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    John Ziegler, NHL president who oversaw merger, dies at 84

    Mr. Ziegler, shown presenting an award to New York Islanders star Denis Potvin in 1988, was the first American to run the league.
    Ray Stubblebine/Associated Press/file
    Mr. Ziegler, shown presenting an award to New York Islanders star Denis Potvin in 1988, was the first American to run the league.

    John Ziegler Jr.’s tumultuous 15 years as NHL president began with the league ushering in the Wayne Gretzky era and ended with labor unrest and a players strike in 1992.

    The NHL on Friday confirmed Mr. Ziegler’s death, although the cause was not immediately known. He was 84 and living in Florida.

    ‘‘His positive imprint on the game of hockey cannot ever be overstated,’’ Chicago Blackhawks chairman Rocky Wirtz said. ‘‘While he will be missed, his legacy and contributions to our sport will carry on forever.’’


    Mr. Ziegler was the first American to run the league and was inducted into the Hockey Hall of Fame in 1987.

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    He was credited for helping the NHL become an international league by increasing the number of European players and opening the door for Russians to compete in North America.

    Mr. Ziegler was the NHL’s fourth president, succeeding Clarence Campbell in 1977. Two years later, he played a key role in brokering a merger with the World Hockey Association in which the NHL added four teams from the upstart league — the Edmonton Oilers, Winnipeg Jets, Quebec Nordiques, and Hartford Whalers.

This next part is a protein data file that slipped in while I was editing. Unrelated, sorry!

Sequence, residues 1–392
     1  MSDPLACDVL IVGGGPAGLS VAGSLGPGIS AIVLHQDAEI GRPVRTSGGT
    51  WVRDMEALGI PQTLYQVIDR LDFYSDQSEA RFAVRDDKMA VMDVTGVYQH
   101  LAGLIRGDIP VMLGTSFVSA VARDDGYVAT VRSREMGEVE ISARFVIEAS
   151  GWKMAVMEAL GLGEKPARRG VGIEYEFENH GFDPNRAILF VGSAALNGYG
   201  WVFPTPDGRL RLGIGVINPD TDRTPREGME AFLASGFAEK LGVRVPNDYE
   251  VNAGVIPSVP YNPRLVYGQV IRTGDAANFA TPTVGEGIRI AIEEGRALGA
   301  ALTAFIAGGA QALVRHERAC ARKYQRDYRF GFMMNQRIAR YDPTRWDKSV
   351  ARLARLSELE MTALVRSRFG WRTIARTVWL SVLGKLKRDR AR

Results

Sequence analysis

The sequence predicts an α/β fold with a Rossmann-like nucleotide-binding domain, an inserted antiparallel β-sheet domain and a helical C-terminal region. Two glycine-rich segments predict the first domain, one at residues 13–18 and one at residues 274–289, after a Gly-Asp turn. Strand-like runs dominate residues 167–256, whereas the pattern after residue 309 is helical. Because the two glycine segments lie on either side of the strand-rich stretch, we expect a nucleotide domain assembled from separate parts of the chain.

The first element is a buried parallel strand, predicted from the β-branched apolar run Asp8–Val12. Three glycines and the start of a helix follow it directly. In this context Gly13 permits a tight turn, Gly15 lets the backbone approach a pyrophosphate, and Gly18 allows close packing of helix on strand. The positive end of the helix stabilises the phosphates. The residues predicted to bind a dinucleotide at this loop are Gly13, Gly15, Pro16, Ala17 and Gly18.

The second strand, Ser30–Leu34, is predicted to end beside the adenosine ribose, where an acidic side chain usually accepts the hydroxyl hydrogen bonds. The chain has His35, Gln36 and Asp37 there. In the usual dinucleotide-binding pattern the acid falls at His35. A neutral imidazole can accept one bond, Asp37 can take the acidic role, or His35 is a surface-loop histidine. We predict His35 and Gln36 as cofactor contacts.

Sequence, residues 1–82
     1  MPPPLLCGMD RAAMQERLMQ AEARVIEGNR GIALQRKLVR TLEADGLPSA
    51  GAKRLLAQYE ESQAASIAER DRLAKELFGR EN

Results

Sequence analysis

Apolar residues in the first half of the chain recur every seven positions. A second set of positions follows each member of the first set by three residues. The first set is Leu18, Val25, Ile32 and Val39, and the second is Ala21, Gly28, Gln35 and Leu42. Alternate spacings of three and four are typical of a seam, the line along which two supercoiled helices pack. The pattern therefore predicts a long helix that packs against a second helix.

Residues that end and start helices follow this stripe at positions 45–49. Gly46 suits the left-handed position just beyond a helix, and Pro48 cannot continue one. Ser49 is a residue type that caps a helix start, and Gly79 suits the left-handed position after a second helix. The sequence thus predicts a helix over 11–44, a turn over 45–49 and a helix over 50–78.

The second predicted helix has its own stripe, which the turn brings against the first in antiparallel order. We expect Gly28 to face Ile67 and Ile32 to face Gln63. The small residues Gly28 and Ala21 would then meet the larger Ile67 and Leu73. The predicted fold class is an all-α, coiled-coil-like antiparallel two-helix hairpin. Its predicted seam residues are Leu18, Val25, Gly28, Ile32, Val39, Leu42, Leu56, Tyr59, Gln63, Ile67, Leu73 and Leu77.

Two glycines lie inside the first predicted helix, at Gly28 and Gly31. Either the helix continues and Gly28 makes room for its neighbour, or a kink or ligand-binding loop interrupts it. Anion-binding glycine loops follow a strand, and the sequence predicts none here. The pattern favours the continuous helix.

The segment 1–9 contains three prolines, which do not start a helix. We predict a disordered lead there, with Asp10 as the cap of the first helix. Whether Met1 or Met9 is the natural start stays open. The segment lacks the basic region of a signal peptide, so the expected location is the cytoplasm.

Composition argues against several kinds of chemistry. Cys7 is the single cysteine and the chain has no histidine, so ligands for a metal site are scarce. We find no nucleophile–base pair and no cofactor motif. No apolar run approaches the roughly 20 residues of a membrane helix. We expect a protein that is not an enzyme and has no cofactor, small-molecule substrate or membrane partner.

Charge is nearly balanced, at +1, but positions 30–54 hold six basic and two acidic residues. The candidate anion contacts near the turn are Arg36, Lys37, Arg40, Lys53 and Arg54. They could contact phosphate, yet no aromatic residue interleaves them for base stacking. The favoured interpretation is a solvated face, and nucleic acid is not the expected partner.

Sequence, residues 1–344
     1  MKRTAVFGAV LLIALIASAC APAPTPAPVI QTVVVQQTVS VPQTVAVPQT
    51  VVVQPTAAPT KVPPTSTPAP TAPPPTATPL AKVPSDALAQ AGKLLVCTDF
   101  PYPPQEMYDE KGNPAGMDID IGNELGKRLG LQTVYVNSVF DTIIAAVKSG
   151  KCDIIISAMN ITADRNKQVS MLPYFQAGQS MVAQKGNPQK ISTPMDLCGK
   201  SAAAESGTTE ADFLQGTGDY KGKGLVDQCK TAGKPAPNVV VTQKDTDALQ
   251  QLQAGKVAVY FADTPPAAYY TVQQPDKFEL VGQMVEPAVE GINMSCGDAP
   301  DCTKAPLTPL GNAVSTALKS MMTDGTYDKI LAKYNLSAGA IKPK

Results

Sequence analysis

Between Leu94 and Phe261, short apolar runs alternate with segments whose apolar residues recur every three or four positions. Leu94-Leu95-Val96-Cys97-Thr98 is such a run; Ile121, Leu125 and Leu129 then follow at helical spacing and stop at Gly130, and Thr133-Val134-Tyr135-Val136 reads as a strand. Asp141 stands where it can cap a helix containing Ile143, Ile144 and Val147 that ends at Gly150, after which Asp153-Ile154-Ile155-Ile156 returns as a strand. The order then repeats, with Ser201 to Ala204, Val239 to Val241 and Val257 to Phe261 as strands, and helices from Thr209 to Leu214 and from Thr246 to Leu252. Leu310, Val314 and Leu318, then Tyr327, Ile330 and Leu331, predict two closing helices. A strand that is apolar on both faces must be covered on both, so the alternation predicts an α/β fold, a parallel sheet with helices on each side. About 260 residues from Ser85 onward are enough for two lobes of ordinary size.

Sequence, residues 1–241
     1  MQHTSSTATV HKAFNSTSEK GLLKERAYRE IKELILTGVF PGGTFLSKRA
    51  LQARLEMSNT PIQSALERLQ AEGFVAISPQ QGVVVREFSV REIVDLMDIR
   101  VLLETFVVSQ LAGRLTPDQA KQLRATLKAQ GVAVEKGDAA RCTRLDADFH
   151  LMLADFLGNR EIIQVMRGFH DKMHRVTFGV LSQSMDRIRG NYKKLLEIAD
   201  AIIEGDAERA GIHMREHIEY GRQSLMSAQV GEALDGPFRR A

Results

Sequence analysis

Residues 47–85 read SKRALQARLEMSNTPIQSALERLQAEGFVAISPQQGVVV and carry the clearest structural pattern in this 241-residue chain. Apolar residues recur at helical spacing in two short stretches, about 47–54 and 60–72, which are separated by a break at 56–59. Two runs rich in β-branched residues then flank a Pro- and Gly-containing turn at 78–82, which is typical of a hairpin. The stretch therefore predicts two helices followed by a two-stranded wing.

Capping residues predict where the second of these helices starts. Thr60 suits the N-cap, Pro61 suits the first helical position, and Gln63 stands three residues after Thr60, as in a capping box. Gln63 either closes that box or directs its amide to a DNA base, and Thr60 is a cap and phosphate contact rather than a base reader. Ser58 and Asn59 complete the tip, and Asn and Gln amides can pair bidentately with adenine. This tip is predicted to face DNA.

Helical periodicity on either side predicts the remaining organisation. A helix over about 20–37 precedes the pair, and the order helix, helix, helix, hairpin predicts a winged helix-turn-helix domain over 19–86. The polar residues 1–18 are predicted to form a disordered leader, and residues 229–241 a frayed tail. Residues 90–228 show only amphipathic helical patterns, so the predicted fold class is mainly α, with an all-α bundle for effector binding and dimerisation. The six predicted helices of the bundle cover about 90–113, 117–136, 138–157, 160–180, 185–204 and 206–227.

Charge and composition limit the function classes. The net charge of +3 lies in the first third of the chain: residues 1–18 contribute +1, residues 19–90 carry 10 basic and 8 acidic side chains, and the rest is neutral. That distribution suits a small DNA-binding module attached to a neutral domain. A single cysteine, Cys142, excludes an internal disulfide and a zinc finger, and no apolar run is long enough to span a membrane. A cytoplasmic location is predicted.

While the Jets, Nordiques, and Whalers eventually relocated, the Gretzky-led Oilers quickly succeeded, winning four Stanley Cups between 1984 and 1988. The Oilers posted a picture of Mr. Ziegler handing the Stanley Cup to a beaming Gretzky on the team’s Twitter feed.

    The NHL eventually grew to 24 teams under Mr. Ziegler by expanding into San Jose in 1991. In 1978, the NHL had dropped to 17 franchises when the Cleveland Barons ceased operations after merging with the Minnesota North Stars.


    Gary Bettman, the NHL’s commissioner, credited Mr. Ziegler for attracting talent from across the Atlantic.

    The share of NHL players not born in North America grew from 2 percent to 11 percent on Mr. Ziegler’s watch, Bettman said.

    It was a period that introduced the NHL to its first wave of Russian-born stars such as Viacheslav Fetisov, Igor Larionov, Alexander Mogilny, and Pavel Bure.

    Contentious labor talks between the NHL and the NHL Players’ Association over playoff bonuses, free agency, and pension funds led to the players voting to strike in the final weeks of the 1991-92 season. The strike lasted 10 days.

    League owners unhappy with the labor agreement ousted Mr. Ziegler two months later. He was replaced on an interim basis by Gil Stein. The NHL hired Bettman the following year and appointed him the league’s first commissioner.


    ‘‘John provided invaluable counsel during my early days as commissioner and was always generous with his time,’’ Bettman said.

    Mr. Ziegler was from Grosse Pointe, Mich., and broke into the NHL serving as legal counsel for the Red Wings and their arena Olympia Stadium in 1960.

    He worked his way up the ranks to eventually represent the Red Wings on the NHL’s board of governors.

    During Mr. Ziegler’s time as league president the Red Wings were sold to the late Mike Ilitch, whose family still owns the team.

    ‘‘We are extremely grateful for the guidance and support John provided as president of the NHL when our family purchased the Red Wings in 1982,’’ Red Wings governor Christopher Ilitch said. ‘‘John left an immeasurable mark on both the Red Wings organization and the sport of hockey worldwide.’’

    After leaving the NHL, Mr. Ziegler worked at a Detroit law firm and served as an alternate governor for the Chicago Blackhawks.